There is a lot to like about “Subsiege”, but sadly in the end I was underwhelmed. I think this is mainly because it takes a lot for me to be interested in RTS games, and this one isn’t quite there in its development. Given what I’ve read from fans of the genre in forum threads, I have no doubt that it will eventually get there.
“Subsiege” is an underwater-themed real-time strategy game (RTS). RTS games have been around for decades on PC, but are making their way more and more into the console market (as shown with “Halo Wars” and newly released “Halo Wars 2”). If you’re unfamiliar with the genre, a RTS is a game where you are placed on a map and view the units you control from an overhead 3rd person point of view. You direct your units around the map to find resources that allow you to build new units and also engage enemy units who are doing the same. In my experience with “Subsiege”, it adequately captures the core elements of traditional RTS games, but ultimately comes up a bit shallow when compared to AAA real-time strategy titles such as “Starcraft” or “Supreme Commander”.
A big negative for me is that the game has no single player campaign, focusing primarily on a multiplayer experience. I’m not a huge fan of PVP, mostly because I’m just not very good playing against other people. As of late March 2017, the only single player experience available in “Subsiege” outside of the tutorial is a “training grounds” mode, which has the same map as the tutorial but lets you play against enemy AI units as long as you like. Even If I were interested in multiplayer games, I still feel I would end up disappointed. The community is not large enough to be able to hop on any time of the day and have a list of opponents waiting for matches. The few times that I logged on to play, there were no players in the lobby, but this is fairly typical of early access games. I did, however, read a forum post that talked about their league play having a “match scheduler” which allows you to find people to play. So, it seems they are moving towards solving this issue.
Another issue I took with the game is that, in its current state, it only has 10 different units available to attack with or defend your base. These units are the same for each player and faction. Traditionally RTS games will have different unit models for each faction with similar but differing abilities like in the game. In “Subsiege” there are no such factions. This isn’t necessarily bad, because it makes for a more leveled playing field, but will ultimately lower the interest level of many players when they find there isn’t as much to work with in the game as with others in its genre.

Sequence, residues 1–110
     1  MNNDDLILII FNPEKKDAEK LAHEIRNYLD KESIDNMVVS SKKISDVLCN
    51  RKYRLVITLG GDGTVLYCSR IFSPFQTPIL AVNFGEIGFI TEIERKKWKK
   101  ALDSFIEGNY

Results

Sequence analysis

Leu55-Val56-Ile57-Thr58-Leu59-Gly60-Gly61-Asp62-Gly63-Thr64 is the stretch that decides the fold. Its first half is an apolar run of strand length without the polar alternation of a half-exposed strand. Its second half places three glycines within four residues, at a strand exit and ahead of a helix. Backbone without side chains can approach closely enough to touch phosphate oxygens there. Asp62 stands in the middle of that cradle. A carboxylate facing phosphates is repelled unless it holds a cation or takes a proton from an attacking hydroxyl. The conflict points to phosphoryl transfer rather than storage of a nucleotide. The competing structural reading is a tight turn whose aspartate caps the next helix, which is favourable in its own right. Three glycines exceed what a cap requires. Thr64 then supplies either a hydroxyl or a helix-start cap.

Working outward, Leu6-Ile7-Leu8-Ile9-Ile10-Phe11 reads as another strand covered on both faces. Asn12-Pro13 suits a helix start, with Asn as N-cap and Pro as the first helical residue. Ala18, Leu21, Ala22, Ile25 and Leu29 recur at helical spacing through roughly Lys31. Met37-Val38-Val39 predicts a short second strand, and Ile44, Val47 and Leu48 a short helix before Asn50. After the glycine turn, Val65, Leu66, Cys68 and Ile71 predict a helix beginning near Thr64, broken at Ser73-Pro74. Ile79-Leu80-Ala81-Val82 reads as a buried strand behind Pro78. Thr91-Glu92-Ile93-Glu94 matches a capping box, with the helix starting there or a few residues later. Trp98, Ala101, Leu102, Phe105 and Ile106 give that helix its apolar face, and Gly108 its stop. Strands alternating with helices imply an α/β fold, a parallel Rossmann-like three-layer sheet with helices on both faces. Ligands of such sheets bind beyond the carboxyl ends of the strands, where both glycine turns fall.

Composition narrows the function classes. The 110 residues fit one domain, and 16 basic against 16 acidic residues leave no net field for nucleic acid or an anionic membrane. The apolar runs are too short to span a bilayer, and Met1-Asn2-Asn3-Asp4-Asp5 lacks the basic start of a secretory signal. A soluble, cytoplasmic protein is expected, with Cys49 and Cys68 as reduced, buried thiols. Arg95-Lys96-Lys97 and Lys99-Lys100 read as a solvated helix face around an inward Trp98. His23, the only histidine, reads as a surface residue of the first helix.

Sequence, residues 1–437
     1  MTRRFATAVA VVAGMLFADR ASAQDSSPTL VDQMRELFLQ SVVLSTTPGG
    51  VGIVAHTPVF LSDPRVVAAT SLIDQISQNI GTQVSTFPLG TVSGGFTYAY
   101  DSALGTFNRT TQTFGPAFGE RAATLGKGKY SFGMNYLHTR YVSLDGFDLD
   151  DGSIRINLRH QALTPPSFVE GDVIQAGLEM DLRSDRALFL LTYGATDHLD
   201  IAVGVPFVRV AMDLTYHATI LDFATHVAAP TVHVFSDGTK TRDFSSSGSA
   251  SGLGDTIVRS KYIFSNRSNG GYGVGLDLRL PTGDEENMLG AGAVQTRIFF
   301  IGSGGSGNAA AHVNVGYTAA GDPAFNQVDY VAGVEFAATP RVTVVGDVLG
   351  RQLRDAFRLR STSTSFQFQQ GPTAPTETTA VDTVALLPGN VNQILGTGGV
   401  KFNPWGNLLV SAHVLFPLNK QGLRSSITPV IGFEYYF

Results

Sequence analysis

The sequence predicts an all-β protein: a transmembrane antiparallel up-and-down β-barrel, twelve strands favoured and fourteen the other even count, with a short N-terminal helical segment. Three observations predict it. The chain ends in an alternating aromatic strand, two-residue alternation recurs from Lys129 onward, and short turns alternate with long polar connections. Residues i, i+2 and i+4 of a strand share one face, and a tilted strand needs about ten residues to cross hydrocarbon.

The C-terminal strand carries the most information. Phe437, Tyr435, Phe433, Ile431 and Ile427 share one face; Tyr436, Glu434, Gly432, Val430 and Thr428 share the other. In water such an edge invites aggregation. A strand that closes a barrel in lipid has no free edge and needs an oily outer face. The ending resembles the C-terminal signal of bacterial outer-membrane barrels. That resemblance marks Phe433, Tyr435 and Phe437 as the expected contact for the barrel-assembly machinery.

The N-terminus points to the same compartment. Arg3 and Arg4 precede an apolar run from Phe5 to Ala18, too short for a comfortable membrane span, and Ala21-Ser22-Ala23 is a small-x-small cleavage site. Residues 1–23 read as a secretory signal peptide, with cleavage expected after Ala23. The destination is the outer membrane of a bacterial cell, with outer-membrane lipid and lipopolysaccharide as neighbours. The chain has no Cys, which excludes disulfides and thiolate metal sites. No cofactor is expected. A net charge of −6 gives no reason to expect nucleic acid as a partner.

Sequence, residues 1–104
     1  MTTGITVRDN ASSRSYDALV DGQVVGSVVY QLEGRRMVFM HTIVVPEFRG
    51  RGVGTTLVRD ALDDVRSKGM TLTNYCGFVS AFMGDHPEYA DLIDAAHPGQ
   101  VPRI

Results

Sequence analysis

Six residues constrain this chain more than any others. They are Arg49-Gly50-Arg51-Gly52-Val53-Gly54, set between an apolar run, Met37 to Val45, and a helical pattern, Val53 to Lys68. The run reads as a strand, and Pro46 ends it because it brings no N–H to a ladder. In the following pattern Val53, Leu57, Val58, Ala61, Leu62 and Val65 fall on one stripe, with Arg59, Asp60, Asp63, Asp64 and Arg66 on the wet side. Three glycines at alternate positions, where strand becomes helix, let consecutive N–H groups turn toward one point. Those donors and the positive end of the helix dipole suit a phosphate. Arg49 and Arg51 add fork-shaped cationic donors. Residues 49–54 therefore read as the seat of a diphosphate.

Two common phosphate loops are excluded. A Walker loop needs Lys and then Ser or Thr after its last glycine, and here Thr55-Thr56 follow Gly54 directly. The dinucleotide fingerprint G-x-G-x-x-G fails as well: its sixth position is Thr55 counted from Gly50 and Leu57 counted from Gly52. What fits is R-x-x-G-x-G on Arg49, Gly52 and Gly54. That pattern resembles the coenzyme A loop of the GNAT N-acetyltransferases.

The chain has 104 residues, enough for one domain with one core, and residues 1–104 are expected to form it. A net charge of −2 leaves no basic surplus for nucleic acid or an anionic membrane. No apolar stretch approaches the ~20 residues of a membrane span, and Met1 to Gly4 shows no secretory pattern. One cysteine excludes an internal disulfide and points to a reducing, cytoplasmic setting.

There was one game element that I found annoying, but other players could view as a strength: the oxygen timer. The game’s environment is underwater, and oxygen is a commodity to be valued. In addition to finding resources such as crystals and gas to help you build your base and new offensive units, you also have to replenish your ever-dwindling supply of oxygen. This is a game mechanic not seen in any other RTS to date. For the most part, you can only obtain more oxygen by killing monsters or other ships in the game world. So in essence, the oxygen timer pushes combat forward whether you like it or not. This was a borderline negative for me, because in previous RTS games I’ve enjoyed, a large source of gratification for me is to sit back and build up my base and army first, and then take a huge force over to the enemy to wipe them out. With the oxygen timer there is always a ticking clock that forces you to not sit back and build, but to get out and attack early and often. I don’t enjoy playing this way, so the oxygen timer was a deal breaker for me.
All the negative aside, the game has a lot going for it in the positive column. The game interface and menus are all very well done and polished. They are much better than other games I’ve seen in early release. The game menus include a social system which allows you to see friends from your Steam friends list and communicate with them through an in-game chat window. This is a nice feature if you’re trying to organize a game with friends. The game keeps track of your victories, and you are ranked according to all other players in the world. In addition, the tutorial is well thought out and easy to follow. The game’s website shows that there is evidence of tournament play on the weekends, which may appeal to some players. When diving into the forums to see how well the developers interact with the community I was please to see that the devs were quick to respond to posts in the “bug fix” thread and seemed genuinely concerned and eager to help with each issue, which is somewhat rare. And last but not least, the general feel of the community in the forums seemed that they were impressed with how fast the game was progressing from it’s beta phase to now and how quickly bug fixes and features were being added. This shows that the developer is invested in and enthusiastic about their game, which makes all the difference when considering the purchase of an “early access” game.
Ultimately, “Subsiege” is a strong game considering it is an early access title, but currently (late March, 2017) may be a little overpriced at $29.99 on Steam. The price tag sets an expectation of the quality of a game, and I don’t feel this one is quite up to the $29.99 range. Given that I’m not a huge RTS fan, I’d be more comfortable with a purchase around $19.99 given the current states of the game. If you enjoy RTS games and are interesting in exploring new mechanics like the oxygen timer, this may be the game for you.